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Last Updated on August 7, 2019, by eNotes Editorial. Word Count: 524

Olenin is a young man who has reached age twenty-four without accomplishing much of anything, except for squandering half his fortune. His decision to become an army officer, in part so he can leave Moscow, emerges from his notion that in the city and society, he could not accomplish his...

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Olenin is a young man who has reached age twenty-four without accomplishing much of anything, except for squandering half his fortune. His decision to become an army officer, in part so he can leave Moscow, emerges from his notion that in the city and society, he could not accomplish his life’s work—although he had deliberately put off deciding on what that work would be. Leo Tolstoy portrays him as selfish and easily swayed, constantly becoming infatuated with one young woman after another, and dabbling in various pursuits, from music to farming. Olenin is devoted to maintaining his freedom, and also very conscious that one is only young once.

He meditated on the use to which he should devote that power of youth which is granted to man only once in a lifetime: that force which gives a man the power of making himself, or even—as it seemed to him—of making the universe, into anything he wishes: should it be to art, to science, to love of woman, or to practical activities? . . . Olenin was too strongly conscious of the presence of that all-powerful God of Youth—of that capacity to be entirely transformed into an aspiration or idea—the capacity to wish and to do—to throw oneself headlong into a bottomless abyss without knowing why or wherefore.

At the remote Terek River village where Olenin and his unit are stationed, he has few regular duties because he is a cadet officer. The unit is largely providing reinforcements for the Cossacks who protect the villagers from tribal raids. The Cossacks spurn the Russian troops, seeing them as weak and poorly trained. Olenin and his servant, Vanyusha, are quartered in the home of a Cossack family. Olenin soon becomes infatuated with their daughter, Maryanka, drawn to her “wild” and simple ways yet realizing a relationship would never work. She is developing a relationship with a local man, Lukashka, although he is also courting Nazarka. Lukashka is considered a hero because he saved a boy from drowning. He is a tall man with broad cheekbones. The reader first meets him arriving in the village square.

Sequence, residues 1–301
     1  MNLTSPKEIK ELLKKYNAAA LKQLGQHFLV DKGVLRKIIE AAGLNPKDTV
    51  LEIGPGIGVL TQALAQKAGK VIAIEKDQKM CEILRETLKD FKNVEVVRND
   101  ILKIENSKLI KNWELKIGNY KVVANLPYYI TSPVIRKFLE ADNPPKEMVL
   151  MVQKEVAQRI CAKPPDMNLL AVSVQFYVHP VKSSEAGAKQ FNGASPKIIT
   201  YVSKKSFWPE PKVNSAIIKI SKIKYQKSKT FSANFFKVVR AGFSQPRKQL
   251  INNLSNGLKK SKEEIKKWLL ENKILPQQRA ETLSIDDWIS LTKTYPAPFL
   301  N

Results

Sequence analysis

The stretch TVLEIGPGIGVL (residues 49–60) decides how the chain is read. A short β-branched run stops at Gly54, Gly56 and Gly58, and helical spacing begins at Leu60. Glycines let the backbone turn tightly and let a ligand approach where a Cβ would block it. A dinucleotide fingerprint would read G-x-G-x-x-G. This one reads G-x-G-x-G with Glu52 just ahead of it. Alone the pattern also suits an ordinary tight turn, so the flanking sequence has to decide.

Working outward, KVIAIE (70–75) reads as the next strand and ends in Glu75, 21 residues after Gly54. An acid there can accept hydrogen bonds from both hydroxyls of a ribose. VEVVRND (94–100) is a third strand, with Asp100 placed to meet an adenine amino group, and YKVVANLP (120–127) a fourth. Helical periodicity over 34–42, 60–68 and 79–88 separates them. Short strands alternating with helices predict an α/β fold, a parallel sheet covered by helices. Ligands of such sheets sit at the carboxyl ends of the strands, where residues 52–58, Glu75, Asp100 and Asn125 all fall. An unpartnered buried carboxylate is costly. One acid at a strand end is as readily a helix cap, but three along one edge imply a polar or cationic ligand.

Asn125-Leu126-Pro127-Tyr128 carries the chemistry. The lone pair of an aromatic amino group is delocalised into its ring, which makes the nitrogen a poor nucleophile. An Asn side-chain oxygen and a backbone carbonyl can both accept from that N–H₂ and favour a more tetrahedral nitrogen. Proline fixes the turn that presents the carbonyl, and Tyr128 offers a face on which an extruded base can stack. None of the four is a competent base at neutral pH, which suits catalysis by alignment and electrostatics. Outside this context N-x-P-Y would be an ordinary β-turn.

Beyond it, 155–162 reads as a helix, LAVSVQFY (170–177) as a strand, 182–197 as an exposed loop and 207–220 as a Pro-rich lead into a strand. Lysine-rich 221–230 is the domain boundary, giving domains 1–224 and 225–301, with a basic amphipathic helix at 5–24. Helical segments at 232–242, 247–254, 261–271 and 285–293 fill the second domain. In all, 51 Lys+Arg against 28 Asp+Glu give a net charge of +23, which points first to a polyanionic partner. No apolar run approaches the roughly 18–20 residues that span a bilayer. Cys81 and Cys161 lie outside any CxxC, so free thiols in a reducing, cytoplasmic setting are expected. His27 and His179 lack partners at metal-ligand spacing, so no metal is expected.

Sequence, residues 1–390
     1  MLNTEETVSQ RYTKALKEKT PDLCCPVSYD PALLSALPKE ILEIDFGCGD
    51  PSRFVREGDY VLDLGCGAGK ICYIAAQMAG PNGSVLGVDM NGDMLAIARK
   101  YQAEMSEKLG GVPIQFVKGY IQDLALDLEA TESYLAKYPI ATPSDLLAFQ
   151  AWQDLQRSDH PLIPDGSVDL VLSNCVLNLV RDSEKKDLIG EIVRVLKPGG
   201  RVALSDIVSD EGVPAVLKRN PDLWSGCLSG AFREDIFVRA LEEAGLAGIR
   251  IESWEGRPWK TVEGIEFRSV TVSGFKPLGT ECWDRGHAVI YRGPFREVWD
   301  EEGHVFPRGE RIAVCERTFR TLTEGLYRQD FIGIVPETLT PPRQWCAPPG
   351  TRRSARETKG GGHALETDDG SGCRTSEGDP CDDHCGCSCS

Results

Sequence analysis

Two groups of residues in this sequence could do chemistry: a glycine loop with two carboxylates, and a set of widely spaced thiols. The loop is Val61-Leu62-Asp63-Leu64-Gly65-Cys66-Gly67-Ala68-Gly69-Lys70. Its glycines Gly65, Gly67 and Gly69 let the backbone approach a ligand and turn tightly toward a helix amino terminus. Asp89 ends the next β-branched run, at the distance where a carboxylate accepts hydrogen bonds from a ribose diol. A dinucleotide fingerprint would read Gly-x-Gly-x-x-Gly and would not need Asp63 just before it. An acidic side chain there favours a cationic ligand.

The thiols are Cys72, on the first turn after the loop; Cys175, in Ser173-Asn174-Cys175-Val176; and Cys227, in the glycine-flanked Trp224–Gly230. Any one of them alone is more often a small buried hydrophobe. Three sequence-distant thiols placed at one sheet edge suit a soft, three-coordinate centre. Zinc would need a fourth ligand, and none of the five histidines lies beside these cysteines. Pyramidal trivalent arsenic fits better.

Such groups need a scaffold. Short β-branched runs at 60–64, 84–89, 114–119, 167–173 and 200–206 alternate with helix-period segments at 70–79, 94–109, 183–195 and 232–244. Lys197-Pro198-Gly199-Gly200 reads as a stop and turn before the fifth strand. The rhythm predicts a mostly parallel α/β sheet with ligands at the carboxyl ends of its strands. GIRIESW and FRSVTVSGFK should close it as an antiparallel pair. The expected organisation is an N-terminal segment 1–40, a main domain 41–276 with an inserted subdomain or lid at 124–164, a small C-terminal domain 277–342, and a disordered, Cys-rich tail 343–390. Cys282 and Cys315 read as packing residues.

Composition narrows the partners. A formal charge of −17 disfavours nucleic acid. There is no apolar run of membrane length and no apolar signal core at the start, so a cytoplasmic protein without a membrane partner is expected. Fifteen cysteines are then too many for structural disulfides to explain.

He stood and spoke softly and sedately, but in his tranquillity and sedateness there was more of animation and strength than in all Nazarka’s loquacity and bustle. He reminded one of a playful colt that with a snort and a flourish of its tail suddenly stops short and stands as though nailed to the ground with all four feet.

During the first few weeks, Olenin befriends an old Cossack hunter, Eroshka, by constantly buy him drinks. He tells the Russian tales of Cossack life in the old days, and boasts of his hunting skills, and takes him out hunting. Olenin starts to settle into the routine, content in a way he had never known before.

Again, to the west, the mountains rose before his eyes. Again the old man told his endless stories of hunting, of abreks, of sweethearts, and of all that free and reckless life. Again the fair Maryanka went in and out and across the yard, her beautiful powerful form outlined by her smock.

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